By Allison Horak
-- Supervisors often feel their employees can’t write well. How about you? Do you spend time correcting the same mistakes repeatedly for your employees? One way to address this issue is to carve out time for coaching, especially for employees whose work involves a lot of writing.
To get better results, give clearer instructions at the beginning. Always:
- Specify what type of document you want produced and who the audience is.
- Give a deadline for the document, along with whether that date is firm or flexible.
- Provide examples of previous documents of the same type that were successful.
- Estimate a page maximum (yes, maximum!).
- Estimate how long your employee should spend on the assignment.
Ask yourself if you’re part of the problem. If you feel your employees turn in substandard work, expecting you to fix it, then you’ve probably trained them to behave that way. Why would anyone give an assignment their best effort when they know it’s going to get massacred no matter how hard they try?
Most of us edit in only one way—using the “slash and burn” method: No matter the circumstance, we call out everything that might be wrong. If we’re honest, we enjoy finding these so-called errors in others’ work. We mark, underline, circle, renumber, reword, and generally hack it into something “better,” i.e., something that sounds like we wrote it.
Newsflash: “This isn’t how I would’ve written it” is NOT a standard against which we should measure anyone else’s writing!
Editing should be a coaching experience.
- When reviewing an employee’s draft, read it all the way through without a writing utensil in hand. (How can we really edit anything until we know what the whole thing says?)
- Next, sit down with your employee and talk. It’s your job to commend successes and suggest improvements, not change the document—that’s the employee’s job!
- The employee works on a second draft based on your conversation, and the process continues.
It’s about ownership. When we tinker with other people’s documents, expecting them to make our changes without explanation or discussion, we’ve robbed ownership of the document from them.
You may have noticed that I said above “commend successes.” In these coaching conversations, that means giving honest compliments about things done well. Always include the word “because” in these commendations, so employees know the “why” behind the comment. You might say:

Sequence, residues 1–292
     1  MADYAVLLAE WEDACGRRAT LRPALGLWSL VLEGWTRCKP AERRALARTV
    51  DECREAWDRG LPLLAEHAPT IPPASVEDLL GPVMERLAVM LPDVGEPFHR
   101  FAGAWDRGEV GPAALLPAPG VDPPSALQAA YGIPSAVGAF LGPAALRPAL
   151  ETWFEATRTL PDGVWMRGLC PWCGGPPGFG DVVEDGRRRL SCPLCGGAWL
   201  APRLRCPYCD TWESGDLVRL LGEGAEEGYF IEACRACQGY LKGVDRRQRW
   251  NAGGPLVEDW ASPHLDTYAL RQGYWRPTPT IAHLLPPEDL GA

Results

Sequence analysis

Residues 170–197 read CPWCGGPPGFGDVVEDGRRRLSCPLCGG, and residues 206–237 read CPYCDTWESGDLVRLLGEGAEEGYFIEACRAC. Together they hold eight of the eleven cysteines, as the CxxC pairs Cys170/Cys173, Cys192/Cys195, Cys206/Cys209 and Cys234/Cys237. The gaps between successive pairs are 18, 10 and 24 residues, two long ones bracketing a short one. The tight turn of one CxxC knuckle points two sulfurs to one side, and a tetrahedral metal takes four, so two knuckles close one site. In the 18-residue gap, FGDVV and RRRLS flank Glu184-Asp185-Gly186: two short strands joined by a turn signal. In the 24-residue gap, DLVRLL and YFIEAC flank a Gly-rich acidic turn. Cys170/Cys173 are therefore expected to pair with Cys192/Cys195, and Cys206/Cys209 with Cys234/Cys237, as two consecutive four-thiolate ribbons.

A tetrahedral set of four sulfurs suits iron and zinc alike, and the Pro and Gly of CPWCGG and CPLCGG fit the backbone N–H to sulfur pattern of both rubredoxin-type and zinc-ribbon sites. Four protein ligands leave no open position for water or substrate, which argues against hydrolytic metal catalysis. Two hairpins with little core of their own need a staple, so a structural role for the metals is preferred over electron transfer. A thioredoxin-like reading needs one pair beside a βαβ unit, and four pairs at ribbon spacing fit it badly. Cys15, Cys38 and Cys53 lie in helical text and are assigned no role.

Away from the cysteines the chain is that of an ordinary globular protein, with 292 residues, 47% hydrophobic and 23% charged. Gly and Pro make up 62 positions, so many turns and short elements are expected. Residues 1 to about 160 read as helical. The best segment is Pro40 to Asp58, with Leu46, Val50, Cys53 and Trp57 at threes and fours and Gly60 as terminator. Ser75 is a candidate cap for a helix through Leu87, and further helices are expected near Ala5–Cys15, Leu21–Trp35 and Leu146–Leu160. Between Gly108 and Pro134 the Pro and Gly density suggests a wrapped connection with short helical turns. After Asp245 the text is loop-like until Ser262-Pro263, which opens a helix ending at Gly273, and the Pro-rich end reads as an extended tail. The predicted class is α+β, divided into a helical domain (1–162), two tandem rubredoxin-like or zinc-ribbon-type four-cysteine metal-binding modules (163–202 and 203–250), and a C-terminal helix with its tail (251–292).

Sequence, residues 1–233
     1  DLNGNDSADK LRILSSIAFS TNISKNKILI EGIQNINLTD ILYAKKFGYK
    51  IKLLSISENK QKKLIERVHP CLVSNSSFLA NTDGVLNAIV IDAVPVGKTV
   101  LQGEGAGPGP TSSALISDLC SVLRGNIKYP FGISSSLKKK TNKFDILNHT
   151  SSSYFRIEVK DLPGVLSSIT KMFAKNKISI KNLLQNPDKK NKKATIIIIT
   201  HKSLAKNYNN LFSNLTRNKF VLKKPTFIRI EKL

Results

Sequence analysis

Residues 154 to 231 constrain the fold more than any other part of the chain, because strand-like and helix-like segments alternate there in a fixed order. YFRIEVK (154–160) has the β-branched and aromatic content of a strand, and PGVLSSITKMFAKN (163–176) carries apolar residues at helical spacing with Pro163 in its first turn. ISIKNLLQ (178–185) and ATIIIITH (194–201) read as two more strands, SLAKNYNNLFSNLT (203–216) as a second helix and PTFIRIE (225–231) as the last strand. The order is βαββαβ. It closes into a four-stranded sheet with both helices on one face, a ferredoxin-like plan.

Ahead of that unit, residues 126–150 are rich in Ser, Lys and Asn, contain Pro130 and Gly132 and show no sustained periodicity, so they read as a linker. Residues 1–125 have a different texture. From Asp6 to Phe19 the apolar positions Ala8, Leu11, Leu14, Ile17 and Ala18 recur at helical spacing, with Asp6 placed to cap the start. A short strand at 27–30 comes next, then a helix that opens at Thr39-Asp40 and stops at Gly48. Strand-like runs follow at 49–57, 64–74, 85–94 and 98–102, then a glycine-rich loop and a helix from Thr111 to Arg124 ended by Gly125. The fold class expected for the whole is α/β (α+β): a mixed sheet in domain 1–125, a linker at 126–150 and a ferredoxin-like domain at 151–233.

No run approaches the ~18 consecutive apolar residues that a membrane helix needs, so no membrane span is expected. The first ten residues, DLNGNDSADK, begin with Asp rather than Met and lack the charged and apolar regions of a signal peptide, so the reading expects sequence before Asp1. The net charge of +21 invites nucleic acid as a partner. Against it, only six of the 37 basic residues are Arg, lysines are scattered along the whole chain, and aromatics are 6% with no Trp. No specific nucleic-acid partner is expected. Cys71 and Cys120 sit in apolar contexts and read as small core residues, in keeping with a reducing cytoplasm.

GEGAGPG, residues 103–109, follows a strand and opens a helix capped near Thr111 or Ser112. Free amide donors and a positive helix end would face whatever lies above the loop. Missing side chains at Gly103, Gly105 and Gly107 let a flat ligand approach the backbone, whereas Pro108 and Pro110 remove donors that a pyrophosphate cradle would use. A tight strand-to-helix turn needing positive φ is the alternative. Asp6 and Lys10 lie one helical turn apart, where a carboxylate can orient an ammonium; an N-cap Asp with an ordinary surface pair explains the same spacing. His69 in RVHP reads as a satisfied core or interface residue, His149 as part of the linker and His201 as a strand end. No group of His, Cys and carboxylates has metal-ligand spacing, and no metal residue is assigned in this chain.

“Ebony, I like how you’ve organized this document. You placed your most important point at the top, and as the document goes on, items of lesser importance are discussed. That’s effective because we know people don’t always read documents completely, but your readers will get the most valuable information even if they only read page 1.”
Time is the biggest obstacle to this coaching approach. It takes time to coach someone rather than “fix” their document. If you think you don’t have time for these coaching conversations and multiple drafts, here's a suggestion: Just try it. Plan so you do have time for the creation of a draft, then a review followed by a conversation, then at least one other draft.
The payoffs of this approach can be huge:
- It will save time eventually. Your employees will become better writers, needing less input and coaching from you over time.
- You’ll hone your own editing skills because you now have to justify any suggestions you make.
- You’ll build stronger and more trust-based relationships with your employees because you’re investing in their professional development through honest conversations, including positive and constructive feedback.
- You’ll have a well-written final document. You had input into its form and substance, and your employees will feel it was actually produced by their hands.
What do you do to empower your employees to be better writers? Please share your tips.
Guest author Allison Horak is a consultant and trainer who helps organizations work more efficiently through better communication. She believes effective writing translates into superior customer service. Write to Allison in the comments section, or email her at allison.horakATppldev.com.
From Lynn Gaertner-Johnston: I invited Allison to submit this article because I like her ideas about coaching for better writing. Do you agree with her?